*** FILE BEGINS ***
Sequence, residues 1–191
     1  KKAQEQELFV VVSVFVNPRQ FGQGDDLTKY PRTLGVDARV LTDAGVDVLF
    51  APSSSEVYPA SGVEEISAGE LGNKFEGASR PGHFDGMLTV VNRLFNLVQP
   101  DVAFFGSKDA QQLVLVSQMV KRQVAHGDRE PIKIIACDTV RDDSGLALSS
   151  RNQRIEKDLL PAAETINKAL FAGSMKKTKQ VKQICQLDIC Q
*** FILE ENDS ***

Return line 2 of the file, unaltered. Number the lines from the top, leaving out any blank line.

     1  KKAQEQELFV VVSVFVNPRQ FGQGDDLTKY PRTLGVDARV LTDAGVDVLF